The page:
- Measuring Vit D in special circumstances is still valid. If bone health and metabolism are compromised then bone screening and Vit D measurements are essential and replacement of D3 and minerals must be prescribed.
- There is poor level evidence that low Vit D is associated with muscle fatigue and even poorer evidence that deficiency is associated with mental tiredness and poor intellectual performance. Nevertheless, people presenting with TATT (“tired all the time”) should have Vit D measurement and supplements prescribed if levels are low.
- 15 minutes of sunshine a day is good for you and boosts Vit D levels. You do not have to strip off completely – exposing your arms and legs is sufficient. Everyone will still need sunblock and hats and avoid sunburn as before – skin cancer is lethal. We don’t know enough about low Vitamin D levels but we can certainly say it is not life threatening. Have a good summer!!
Dementia – Worried about someone?
The Alzheimer’s Society has a free “Staying Connected Kit” designed to help someone with dementia live a more connected life. It provides a better understanding of the condition and information about all the support services the Alzheimer’s Society is able to give people with dementia and their carers.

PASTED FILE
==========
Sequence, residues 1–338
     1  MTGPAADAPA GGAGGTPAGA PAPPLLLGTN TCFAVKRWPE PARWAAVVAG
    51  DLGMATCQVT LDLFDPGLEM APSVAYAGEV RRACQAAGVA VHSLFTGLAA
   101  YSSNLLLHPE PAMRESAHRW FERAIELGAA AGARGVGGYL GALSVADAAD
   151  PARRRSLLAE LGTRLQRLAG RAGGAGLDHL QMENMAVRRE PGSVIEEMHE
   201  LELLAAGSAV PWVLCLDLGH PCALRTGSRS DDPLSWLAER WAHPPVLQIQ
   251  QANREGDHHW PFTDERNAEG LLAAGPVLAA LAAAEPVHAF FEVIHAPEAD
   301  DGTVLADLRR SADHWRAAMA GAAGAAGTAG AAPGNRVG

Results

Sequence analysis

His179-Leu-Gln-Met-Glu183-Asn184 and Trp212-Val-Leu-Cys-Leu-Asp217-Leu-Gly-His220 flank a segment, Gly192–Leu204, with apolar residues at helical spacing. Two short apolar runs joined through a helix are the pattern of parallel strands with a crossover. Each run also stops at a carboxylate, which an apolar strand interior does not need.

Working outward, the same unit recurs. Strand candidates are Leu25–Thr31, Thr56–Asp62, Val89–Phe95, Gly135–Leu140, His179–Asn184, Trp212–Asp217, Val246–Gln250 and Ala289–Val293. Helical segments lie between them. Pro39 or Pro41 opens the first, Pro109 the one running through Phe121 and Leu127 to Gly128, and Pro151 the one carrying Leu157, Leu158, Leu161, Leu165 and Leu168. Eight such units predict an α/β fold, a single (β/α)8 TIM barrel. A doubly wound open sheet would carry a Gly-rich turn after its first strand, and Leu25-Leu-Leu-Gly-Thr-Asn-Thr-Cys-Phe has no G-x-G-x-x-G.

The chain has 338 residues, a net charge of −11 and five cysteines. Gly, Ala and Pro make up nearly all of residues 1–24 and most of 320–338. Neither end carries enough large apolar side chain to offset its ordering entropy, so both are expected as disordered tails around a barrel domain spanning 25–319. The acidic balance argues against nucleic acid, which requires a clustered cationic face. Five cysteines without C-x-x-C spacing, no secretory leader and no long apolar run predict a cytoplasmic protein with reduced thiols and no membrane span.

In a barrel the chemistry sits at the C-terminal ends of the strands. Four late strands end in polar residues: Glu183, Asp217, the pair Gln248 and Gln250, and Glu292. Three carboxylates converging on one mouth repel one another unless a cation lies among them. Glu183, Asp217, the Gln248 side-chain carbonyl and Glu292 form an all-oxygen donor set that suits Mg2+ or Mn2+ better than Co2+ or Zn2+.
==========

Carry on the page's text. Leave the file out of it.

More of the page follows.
Request your FREE Staying Connected Kit and help someone with dementia live a more connected life.
Diabetes – Oral Health
People with Diabetes are 2-3 times more likely to develop Periodontal Disease. If you have Diabetes, you may have been told about the importance of looking after your diet, your eyes and your feet, but what about your oral health? Periodontal disease (gum disease) is another common complication of Diabetes Mellitus. Other manifestations include dry mouth, fungus and caries. Management of these conditions is very important so make sure you discuss your condition with your dentist to improve your quality of life.